Know how to become: A theoretic approach to lifelong learning
This blogpost is written by a guest author Dominique GEIMER, who explains his model for educational reform How to become (Savoir Devenir), in which transversal competences play a central role.
A new educational and entrepreneurial era, around the development of global and transversal skills is emerging. It is reinforced and prioritized by the global health crisis that we are experiencing, and probably by those that will follow or have begun, economically, environmentally, climatically, politically and societally.
This new approach integrates a sum of global skills grouped within the concept of Knowing How to Become (KHB). It combines existing and future skills that meet the challenges posed above:
- that of the links between school/company/society,
- that of personal development and fulfilment,
- that of fundamental knowledge and culture,
- and, finally, that of becoming aware of one’s own lifelong learning.
These skills integrate the “soft skills”, and the “life skills” They intersect and complement each other within the KHB (Know How to Become). They are human, humanistic and humanizing.
The Knowing how to Become is a fundamental issue for schools and companies today and tomorrow, and is part of the perspective of the development of the Person as a whole, aiming to balance knowledge and skills, ensuring that they complement each other.
They are combined around four poles: relational, social, cognitive and humanistic skills.
Social skills have been grouped under six headings : adaptability (in a world in perpetual and rapid motion), flexibility (of tasks, schedules, ways of working, analysis, thinking…), collective intelligence (and therefore sharing, mutualization, which presupposes a certain humility), interculturality (that is to say the ability to understand other cultural attitudes and behaviours and to integrate them without claiming any primacy of this or that culture over another), and finally the Savoir Vivre, which integrates among others Respect, Punctuality and acceptance of the Other.
Cognitive skills are also six in number and concern first the mastery of the basics of oral and written expression of one’s mother tongue, or language of communication, and other capacities such as methodology around the project, creativity, and organization.
Relational skills are mainly organized around the concept of emotional intelligence, integrating empathy, self-esteem and self-control, active listening, interpersonal communication/relationship, teamwork, the ability to decide and act alone or with others. Finally, the skill “learn to learn” is also emphasized in its importance, as well as digital skills (ability to create, realize and choose the right digital communication media for example or to analyze data to name just two).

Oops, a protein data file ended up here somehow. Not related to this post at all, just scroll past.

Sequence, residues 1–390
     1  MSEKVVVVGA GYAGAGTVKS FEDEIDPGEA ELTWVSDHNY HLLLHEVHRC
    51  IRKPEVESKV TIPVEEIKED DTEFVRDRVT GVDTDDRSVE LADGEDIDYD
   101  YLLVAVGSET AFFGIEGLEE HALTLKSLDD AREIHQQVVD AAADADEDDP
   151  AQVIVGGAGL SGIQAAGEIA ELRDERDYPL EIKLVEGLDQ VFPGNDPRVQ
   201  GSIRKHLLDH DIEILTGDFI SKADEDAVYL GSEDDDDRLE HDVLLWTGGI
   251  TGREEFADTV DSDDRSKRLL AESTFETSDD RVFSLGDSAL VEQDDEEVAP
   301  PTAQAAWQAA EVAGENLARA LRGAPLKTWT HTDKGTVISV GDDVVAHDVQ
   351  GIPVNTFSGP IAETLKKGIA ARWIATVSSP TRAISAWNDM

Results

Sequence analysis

Finally, the skills that I have called “humanists” are more generally related to the development of the Person as a whole, in connection with his geopolitical environment (citizenship), openness to the world and people, and therefore curiosity, distancing necessary for analysis (discernment, acquisition of critical sense), commitment (taking initiative, openness and responsibility (for their own but also applied to the Other).
It should be noted that these skills are in no way compartmentalized and overlap while complementing each other. The challenge therefore lies in the approach that is made of it, an approach that, even if it is centered on one or the other of its skills, can never be separated from its relationship to others, because always in an evolutionary dynamic. (See the arrows in the diagram). This approach is a basis of what I have called Education schools learning and KHB learning companies. It requires the implementation of a project methodology, and the prioritization of certain items of the Know How to Become.
A few other schemes will follow and complete the reflection undertaken, showing transversality. All of them will be explained in my next book.
By guest author Dominique GEIMER
Dominique GEIMER has been a teacher, a language and computer trainer, a school leader, and the regional director of private agricultural high schools in Brittany, France. He has conducted numerous experiments and innovations (Silent Way, the first European classes in France, creation of Multimedia Resource Centers…). He is currently pursuing his research in education on the concept of Savoir Devenir (know how to become), and in particular its impact on educational systems and on the world of business and management.